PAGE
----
Thank you so much again Ms Vallotton for agreeing to the interview. A big thank you also to Paula Taquet-Woolfolk for conducting the interview, and Mike Norris, also from the American Church in Paris, for providing the photo of the dedication service.
As Ms Vallotton has no internet access, I will send a selection of the comments that readers leave on this post for her to see.
Update: December 2009
Just received a Christmas card from Annie in which she writes:
"I love very much all what is said in the comments on the Bible illustration blog...... All the comments go in my heart because they look so sincere."
Annie goes on to say that she wants to write a reply to each comment which she is doing slowly. I will add these comments as soon as I receive them.
Black and white photo © Eglise Réformée de l'Oratoire du Louvre 2008.
Annie Vallotton illustrations © Bible society 2008
Interview with Jeff Anderson
Interview with Keith Neely
Interview with Diana Shimon
Interview with Dr Leen Ritmeyer
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I find her work interesting. It seems that most of us here go for realism. But this is something so very different. It is primitive, simple... yet smart. I am sure there are people here that can better describe what I am trying to say. I found myself staring at each picture and getting the message, without distractions.
I really like the stain glass windows that you show in this post. But I could not figure out what the second one is about. Is it the tower of Babel... or is it suppose to be humanity as it filled the earth, ...or is this an abstract depiction of the Israelites down through time before she (Israel) gave birth to our Messiah?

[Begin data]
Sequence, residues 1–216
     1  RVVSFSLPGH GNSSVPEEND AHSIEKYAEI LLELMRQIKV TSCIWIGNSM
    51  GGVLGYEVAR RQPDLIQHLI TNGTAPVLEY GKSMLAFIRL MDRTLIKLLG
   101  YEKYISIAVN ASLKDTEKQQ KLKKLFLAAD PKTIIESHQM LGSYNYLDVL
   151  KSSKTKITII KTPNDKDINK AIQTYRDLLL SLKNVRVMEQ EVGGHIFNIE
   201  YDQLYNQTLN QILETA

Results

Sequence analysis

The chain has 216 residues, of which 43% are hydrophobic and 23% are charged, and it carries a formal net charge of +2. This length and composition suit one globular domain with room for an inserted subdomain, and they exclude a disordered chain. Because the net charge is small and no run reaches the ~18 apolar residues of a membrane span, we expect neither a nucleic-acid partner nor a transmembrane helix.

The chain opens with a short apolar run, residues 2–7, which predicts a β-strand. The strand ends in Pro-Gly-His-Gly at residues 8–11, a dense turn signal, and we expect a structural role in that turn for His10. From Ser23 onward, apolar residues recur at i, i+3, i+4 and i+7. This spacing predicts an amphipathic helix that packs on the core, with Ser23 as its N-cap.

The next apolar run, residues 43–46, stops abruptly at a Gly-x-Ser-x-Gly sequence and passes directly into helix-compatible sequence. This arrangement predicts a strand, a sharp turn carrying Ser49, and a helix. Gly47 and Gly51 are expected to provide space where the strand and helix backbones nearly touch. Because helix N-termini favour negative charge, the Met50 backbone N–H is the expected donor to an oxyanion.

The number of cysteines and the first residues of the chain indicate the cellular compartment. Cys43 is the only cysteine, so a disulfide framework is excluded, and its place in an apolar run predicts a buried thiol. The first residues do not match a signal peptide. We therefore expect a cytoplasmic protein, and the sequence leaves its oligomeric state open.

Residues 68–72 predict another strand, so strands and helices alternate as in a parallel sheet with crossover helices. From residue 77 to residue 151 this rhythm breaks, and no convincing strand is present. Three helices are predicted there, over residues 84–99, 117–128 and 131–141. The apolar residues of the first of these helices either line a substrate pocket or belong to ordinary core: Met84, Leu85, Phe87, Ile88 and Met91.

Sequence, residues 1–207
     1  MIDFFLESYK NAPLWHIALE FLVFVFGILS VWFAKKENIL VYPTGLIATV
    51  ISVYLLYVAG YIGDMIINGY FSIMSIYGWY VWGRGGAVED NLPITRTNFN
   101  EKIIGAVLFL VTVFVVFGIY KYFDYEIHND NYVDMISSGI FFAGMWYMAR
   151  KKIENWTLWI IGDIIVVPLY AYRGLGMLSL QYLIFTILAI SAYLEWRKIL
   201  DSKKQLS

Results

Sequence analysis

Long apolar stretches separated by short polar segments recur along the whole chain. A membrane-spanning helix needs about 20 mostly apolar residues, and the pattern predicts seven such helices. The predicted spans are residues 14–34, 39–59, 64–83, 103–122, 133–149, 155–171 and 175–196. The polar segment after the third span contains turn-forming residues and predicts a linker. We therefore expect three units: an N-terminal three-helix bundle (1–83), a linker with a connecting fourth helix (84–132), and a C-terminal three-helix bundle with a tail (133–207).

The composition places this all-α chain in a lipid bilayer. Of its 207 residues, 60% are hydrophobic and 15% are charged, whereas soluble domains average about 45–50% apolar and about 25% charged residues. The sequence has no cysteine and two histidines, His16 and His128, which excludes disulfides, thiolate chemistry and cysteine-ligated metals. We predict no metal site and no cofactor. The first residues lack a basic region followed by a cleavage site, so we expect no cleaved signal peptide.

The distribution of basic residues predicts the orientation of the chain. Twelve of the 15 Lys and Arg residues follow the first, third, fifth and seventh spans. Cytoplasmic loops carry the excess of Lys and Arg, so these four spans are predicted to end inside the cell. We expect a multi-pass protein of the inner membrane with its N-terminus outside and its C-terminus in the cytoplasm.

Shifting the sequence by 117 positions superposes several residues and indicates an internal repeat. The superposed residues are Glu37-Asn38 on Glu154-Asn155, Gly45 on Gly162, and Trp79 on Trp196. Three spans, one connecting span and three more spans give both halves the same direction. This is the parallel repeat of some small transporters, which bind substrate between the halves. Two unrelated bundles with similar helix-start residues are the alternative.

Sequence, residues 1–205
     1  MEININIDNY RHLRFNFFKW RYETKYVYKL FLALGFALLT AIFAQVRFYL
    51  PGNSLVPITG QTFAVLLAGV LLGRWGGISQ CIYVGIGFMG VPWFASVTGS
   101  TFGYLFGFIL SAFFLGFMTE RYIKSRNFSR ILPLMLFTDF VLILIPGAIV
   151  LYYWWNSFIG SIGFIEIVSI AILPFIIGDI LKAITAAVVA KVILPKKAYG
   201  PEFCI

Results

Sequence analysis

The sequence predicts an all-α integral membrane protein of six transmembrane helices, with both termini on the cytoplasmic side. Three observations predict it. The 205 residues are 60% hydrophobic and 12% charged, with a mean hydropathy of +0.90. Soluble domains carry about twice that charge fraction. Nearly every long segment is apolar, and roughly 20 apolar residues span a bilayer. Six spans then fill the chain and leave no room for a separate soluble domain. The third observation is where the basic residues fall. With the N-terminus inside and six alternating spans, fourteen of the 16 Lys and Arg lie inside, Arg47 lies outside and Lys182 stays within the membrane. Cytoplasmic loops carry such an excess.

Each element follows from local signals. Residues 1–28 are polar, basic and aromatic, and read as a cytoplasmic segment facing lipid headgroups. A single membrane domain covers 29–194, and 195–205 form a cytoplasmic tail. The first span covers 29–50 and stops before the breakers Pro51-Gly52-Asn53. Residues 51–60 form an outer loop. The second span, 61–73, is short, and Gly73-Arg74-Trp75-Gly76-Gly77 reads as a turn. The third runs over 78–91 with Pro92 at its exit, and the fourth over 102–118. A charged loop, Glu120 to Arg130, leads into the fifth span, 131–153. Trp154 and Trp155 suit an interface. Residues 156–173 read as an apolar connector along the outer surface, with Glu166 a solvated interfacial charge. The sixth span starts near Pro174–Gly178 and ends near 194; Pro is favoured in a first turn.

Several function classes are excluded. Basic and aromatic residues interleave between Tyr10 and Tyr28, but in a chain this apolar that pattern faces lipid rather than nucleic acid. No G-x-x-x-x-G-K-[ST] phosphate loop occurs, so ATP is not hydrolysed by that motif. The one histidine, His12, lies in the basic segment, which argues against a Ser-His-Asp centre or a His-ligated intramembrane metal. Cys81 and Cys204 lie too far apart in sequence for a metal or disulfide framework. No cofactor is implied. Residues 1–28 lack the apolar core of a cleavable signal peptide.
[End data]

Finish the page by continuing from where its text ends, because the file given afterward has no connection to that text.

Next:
Yes, there's a lot more to Annie's pictures than first meets the eye. I'm sure that most people don't realize the lengths she went to to achieve absolute simplicity. Over time, these pictures have become iconic, almost everyone has seen them at some point and many people still associate them with the 'Hippy era' of the 60's and 70's, which is of course when they came out.
Although Annie's art looks very simple, and although she may not have placed as much importance on historical accuracy, in terms of clothing and architecture, as others might, I have no doubt in my mind, having spoken to her, that she tackled the job with the same sincerity and passion that every other Bible artist has. She had the desire to communicate the truth of the Bible to every child. And that has to be our priority.
I've spoken to Annie twice over last few weeks and she's a lovely lady, full of joy! I can see why children like her.
The first two windows are depicting the first two days of creation but they are not quite as easily interpreted as the last four are.
If you click on the image you can see a larger version.
I personally find Ms. Vallotton's work too stark to create an emotional reaction.
A glance through a wider range of her "Good News" illustrations will highlight some quite sparse illustrations consisting of little more than stick figures. They look like preliminary sketches rather than finished artwork.
Those who find her artwork of interest will disagree with me. I prefer more detailed work. It’s just a personal preference.
One thing that Annie Vallotton has in common with all of the other Bible artists that have been interviewed so far on the blog is the desire to present the Gospel message in a clear way.
Although her style may not be to everyones taste, she has made a valid contribution to Bible art. Vallotton's aim was "to give maximum expression with a minimum of lines." No matter how accomplished an artist might be, that's not as easy as it sounds.
You are right PaulG, it is stark –and we all know that it is meant to be this way. If I made a picture of Christ or Moses, you might say that he is too white. And if you made one, I might say he is too black. Or, people might say that their clothing back then did not have colors like that, or whatever. We would end up talking about things that relate to the scriptures, but not the scriptures. We may miss the point of the scripture, or be distracted from it. Her art is simple and PROMOTES THE SCRIPTURE. The art is... unselfish.
It's very interesting horseman that you describe Annie's Art as "Unselfish" because that's a very good description of Annie herself!
Sorry for deleting the comment. I misspoke. Here is what I meant to say: